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When is an Artifact Just Barely Good Enough (JBGE)?

Artifacts, such as agile models and agile documents should be sufficient for the task at hand, and no more. Agilists refer to this as just barely good enough(JBGE). While this is very easy to say, how do you know when something is JBGE?

The quick answer to "When is an artifact JBGE?" is "It depends." But on what? To answer that question, this article explores the following topics:

  1. Just barely good enough (JBGE) is context dependent
  2. When should we invest more effort in an artifact?
  3. When should we invest less effort in an artifact?

1. Just Barely Good Enough (JBGE) is Context Dependent

There's an old saying: Quality is in the eye of the beholder. It's the exact same issue with sufficiency: JBGE is in the eye of the beholder. Or more accurately, JBGE is context dependent. Figure 1 overviews the factors that motivate you to both invest more effort in an artifact and invest less effort. The challenge is that these factors are all qualitative in nature.


Figure 1. The factors to determine JBGE.

Just barely good enough (JBGE)

2. When Should We Invest More Effort in an Artifact?

The factors that motivate investing greater effort into an artifact are:

  1. Complexity. The greater the complexity, either problem/domain complexity or solution complexity, the greater the chance that you will need to invest more effort in modeling and documentation. Investing more in any modeling effort enables you to understand the implications of the complexity that you face, and may even provide insight to help you to reduce that complexity. Addressing complexity is a positive reason to invest more in an artifact.
  2. Risk. Similarly, the greater the risk you face, and risk is often closely tied to complexity, the greater the chance that you will need to invest more effort in modeling and documentation. Modeling sessions can help you to better understand the risks that you face, thereby enabling you to identify effective ways to address those risks. Addressing risk is a positive reason to invest more in an artifact.
  3. Regulatory compliance. Anyone working in regulatory environments will likely need to produce more documentation than teams that do not. Having said that, the way that you interpret regulations is important - someone with a bureacratic bent will belief that more documentation is required than someone with a pragmatic bent. Be smart about this. Regulatory compliance is a positive reason to invest more in an artifact when the regulations have been interpreted in a pragmatic way, otherwise it is potentially a negative reason that is increasing the cost and risk to your organization due to the challenges associated with excessive documentation.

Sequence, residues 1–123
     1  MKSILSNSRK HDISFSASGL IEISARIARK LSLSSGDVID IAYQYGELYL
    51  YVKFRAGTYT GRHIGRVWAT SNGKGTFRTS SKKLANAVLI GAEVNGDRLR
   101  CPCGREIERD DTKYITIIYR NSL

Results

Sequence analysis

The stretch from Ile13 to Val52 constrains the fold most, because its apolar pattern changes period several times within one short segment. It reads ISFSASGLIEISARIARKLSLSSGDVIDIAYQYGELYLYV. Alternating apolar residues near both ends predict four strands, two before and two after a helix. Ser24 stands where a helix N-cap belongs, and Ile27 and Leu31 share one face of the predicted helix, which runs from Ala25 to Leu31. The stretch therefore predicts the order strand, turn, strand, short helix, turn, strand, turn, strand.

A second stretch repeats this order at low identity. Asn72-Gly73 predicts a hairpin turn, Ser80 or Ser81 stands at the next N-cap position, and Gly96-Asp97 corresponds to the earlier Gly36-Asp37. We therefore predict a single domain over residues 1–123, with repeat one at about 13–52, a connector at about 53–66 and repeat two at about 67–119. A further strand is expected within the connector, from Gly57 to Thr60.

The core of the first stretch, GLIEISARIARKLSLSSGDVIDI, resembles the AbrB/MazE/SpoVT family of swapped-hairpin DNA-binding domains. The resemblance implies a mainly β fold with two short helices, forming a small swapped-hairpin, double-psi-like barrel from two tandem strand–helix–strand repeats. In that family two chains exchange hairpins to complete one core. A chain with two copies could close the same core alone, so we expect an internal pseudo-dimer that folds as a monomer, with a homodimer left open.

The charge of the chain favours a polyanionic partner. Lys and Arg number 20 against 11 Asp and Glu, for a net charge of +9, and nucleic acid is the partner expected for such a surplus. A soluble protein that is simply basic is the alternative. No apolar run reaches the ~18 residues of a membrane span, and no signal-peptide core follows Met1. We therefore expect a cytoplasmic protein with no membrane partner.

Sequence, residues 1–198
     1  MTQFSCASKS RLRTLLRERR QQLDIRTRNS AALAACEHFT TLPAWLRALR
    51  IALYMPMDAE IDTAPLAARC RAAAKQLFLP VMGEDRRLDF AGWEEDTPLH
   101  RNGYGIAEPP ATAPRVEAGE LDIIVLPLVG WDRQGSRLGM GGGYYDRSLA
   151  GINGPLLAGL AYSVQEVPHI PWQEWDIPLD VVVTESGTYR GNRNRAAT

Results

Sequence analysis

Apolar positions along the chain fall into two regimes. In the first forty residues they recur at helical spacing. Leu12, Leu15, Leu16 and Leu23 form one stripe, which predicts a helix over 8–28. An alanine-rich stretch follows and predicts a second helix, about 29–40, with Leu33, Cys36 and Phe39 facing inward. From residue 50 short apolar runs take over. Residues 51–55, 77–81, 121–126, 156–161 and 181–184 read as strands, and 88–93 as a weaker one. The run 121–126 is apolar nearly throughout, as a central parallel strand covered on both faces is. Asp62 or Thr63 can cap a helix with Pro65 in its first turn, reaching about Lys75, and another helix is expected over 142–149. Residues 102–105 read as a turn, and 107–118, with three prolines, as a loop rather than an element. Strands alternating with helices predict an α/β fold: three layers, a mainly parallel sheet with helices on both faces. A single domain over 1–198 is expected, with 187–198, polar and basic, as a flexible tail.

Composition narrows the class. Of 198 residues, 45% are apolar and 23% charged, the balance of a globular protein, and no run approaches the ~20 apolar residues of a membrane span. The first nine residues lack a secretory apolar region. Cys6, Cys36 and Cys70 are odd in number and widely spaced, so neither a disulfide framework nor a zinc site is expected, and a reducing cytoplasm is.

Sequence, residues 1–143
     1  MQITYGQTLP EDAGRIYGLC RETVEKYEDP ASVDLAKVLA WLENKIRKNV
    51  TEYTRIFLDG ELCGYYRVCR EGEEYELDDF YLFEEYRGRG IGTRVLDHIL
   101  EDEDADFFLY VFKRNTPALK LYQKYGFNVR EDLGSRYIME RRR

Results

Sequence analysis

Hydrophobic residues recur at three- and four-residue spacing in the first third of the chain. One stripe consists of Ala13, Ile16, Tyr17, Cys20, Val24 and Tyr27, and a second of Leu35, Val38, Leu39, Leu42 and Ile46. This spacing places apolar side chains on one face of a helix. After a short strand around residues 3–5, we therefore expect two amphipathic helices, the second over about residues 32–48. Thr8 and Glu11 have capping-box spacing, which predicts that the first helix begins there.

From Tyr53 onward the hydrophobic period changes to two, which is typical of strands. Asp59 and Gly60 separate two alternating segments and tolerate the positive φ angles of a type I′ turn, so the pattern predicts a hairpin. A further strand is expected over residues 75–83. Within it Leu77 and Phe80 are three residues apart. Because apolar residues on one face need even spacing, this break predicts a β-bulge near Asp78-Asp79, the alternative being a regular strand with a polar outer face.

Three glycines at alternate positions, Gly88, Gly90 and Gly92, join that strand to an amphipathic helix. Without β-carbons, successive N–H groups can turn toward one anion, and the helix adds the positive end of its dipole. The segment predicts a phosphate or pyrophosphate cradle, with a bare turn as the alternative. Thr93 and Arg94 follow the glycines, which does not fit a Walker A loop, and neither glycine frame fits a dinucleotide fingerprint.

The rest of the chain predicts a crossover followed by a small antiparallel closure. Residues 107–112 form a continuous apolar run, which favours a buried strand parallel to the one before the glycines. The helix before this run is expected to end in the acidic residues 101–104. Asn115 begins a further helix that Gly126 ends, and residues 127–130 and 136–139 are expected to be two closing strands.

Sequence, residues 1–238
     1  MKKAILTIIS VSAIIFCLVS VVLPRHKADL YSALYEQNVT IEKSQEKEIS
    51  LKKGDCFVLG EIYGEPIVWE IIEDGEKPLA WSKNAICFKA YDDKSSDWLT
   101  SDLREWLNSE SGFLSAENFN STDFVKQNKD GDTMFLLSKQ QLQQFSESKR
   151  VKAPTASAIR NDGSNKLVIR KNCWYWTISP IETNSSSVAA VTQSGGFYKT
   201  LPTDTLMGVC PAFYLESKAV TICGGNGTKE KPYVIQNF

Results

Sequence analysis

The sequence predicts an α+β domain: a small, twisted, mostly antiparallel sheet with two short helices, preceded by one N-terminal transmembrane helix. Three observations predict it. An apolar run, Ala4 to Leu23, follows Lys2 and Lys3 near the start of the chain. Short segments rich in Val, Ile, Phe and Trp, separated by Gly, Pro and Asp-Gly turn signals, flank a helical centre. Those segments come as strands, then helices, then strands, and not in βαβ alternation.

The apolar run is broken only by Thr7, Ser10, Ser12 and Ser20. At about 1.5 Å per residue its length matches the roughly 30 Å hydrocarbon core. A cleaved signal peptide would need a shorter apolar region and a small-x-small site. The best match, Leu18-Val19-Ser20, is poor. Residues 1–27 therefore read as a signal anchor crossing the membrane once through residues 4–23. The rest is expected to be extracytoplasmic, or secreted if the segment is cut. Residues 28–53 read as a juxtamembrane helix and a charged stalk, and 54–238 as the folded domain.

4. Artifact culture. Some organizations have what is called an "artifact culture," a belief that they require a significant amount of documentation to support their way of working (WoW). Sometimes this is justified, for example in a regulatory compliance environment where the regulations have been interpreted in a pragmatic manner. Very often an artifact culture is not justified, being based on fear. If your reasoning is effectively "We need to create this because we MIGHT need it some day rather than we WILL need it some day" then that reasoning is based on fear. One symptom that you suffer from artifact culture is prescriptions that a team must produce certain artifacts to pass milestone reviews or quality gates. Another symptom is the requirement to fill out detailed templates when creating an artifact. Artifact culture is a negative reason to invest more in an artifact, my recommendation is to do what you can to surface the costs and risks associated with this cultural factor and work towards evolving your culture away from this over time.

3. When Should We Invest Less Effort in an Artifact?

The factors that motivate investing less effort into an artifact are:

  1. Skill and experience. The more skilled and experienced the customer of an artifact is, the fewer details that they will require.
  2. Ease of change. The easier it is to evolve an artifact, the less effort you need to put into it because you will be able to readily improve it when required.
  3. Access to stakeholders. The easier it is to access the stakeholders of an artifact, or more accurately the people who know that the artifact should address, then the less effort you need to invest in getting it perfectly right because you'll be able to easily update the artifact when you discover you've run into an issue.
  4. Collaboration and communication. The more collaboration and communication that you have with the customers of an artifact, the less information it will need to contain because you'll be able to easily work through the missing details together.
  5. Likelihood of change. The more likely something is to change the less effort you want to invest in describing it in an artifact. This is because the artifact will get out of date faster and to a greater extent the greater the pace of change.

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